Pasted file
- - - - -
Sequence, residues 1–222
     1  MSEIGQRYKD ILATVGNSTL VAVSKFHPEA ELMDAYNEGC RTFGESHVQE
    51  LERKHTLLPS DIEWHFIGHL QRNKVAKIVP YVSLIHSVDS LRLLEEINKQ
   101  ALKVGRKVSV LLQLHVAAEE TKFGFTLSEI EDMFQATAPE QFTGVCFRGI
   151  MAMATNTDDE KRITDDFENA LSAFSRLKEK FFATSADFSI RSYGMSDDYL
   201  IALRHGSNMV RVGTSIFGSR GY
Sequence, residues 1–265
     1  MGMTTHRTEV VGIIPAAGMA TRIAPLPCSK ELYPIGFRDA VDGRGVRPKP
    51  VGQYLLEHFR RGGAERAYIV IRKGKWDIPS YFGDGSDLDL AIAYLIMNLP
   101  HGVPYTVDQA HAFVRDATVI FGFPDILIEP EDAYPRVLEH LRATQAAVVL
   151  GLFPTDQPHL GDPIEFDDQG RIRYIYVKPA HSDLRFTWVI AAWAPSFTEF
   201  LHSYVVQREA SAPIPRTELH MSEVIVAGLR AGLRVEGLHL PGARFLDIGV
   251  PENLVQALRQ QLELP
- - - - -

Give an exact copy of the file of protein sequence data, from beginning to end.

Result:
Sequence, residues 1–222
     1  MSEIGQRYKD ILATVGNSTL VAVSKFHPEA ELMDAYNEGC RTFGESHVQE
    51  LERKHTLLPS DIEWHFIGHL QRNKVAKIVP YVSLIHSVDS LRLLEEINKQ
   101  ALKVGRKVSV LLQLHVAAEE TKFGFTLSEI EDMFQATAPE QFTGVCFRGI
   151  MAMATNTDDE KRITDDFENA LSAFSRLKEK FFATSADFSI RSYGMSDDYL
   201  IALRHGSNMV RVGTSIFGSR GY
Sequence, residues 1–265
     1  MGMTTHRTEV VGIIPAAGMA TRIAPLPCSK ELYPIGFRDA VDGRGVRPKP
    51  VGQYLLEHFR RGGAERAYIV IRKGKWDIPS YFGDGSDLDL AIAYLIMNLP
   101  HGVPYTVDQA HAFVRDATVI FGFPDILIEP EDAYPRVLEH LRATQAAVVL
   151  GLFPTDQPHL GDPIEFDDQG RIRYIYVKPA HSDLRFTWVI AAWAPSFTEF
   201  LHSYVVQREA SAPIPRTELH MSEVIVAGLR AGLRVEGLHL PGARFLDIGV
   251  PENLVQALRQ QLELP